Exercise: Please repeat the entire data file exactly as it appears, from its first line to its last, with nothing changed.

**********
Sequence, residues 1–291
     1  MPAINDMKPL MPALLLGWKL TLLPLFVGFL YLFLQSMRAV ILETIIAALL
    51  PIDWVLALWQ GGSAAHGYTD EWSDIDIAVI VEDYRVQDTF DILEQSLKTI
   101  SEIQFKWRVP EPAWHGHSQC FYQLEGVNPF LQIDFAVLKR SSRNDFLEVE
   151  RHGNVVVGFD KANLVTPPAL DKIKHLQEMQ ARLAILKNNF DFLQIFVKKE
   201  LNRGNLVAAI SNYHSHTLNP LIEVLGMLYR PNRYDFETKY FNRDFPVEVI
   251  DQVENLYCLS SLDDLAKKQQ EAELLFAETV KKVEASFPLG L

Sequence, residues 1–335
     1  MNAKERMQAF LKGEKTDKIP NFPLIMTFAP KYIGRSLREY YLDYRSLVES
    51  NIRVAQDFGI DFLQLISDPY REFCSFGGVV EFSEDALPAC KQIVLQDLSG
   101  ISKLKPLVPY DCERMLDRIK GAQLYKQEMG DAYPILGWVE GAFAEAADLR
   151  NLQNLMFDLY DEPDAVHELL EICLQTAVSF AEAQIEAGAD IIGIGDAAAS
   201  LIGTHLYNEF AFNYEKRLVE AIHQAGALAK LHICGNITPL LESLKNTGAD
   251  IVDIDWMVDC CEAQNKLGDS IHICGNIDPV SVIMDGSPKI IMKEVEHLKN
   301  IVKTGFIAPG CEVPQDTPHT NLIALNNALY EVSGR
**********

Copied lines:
Sequence, residues 1–291
     1  MPAINDMKPL MPALLLGWKL TLLPLFVGFL YLFLQSMRAV ILETIIAALL
    51  PIDWVLALWQ GGSAAHGYTD EWSDIDIAVI VEDYRVQDTF DILEQSLKTI
   101  SEIQFKWRVP EPAWHGHSQC FYQLEGVNPF LQIDFAVLKR SSRNDFLEVE
   151  RHGNVVVGFD KANLVTPPAL DKIKHLQEMQ ARLAILKNNF DFLQIFVKKE
   201  LNRGNLVAAI SNYHSHTLNP LIEVLGMLYR PNRYDFETKY FNRDFPVEVI
   251  DQVENLYCLS SLDDLAKKQQ EAELLFAETV KKVEASFPLG L

Sequence, residues 1–335
     1  MNAKERMQAF LKGEKTDKIP NFPLIMTFAP KYIGRSLREY YLDYRSLVES
    51  NIRVAQDFGI DFLQLISDPY REFCSFGGVV EFSEDALPAC KQIVLQDLSG
   101  ISKLKPLVPY DCERMLDRIK GAQLYKQEMG DAYPILGWVE GAFAEAADLR
   151  NLQNLMFDLY DEPDAVHELL EICLQTAVSF AEAQIEAGAD IIGIGDAAAS
   201  LIGTHLYNEF AFNYEKRLVE AIHQAGALAK LHICGNITPL LESLKNTGAD
   251  IVDIDWMVDC CEAQNKLGDS IHICGNIDPV SVIMDGSPKI IMKEVEHLKN
   301  IVKTGFIAPG CEVPQDTPHT NLIALNNALY EVSGR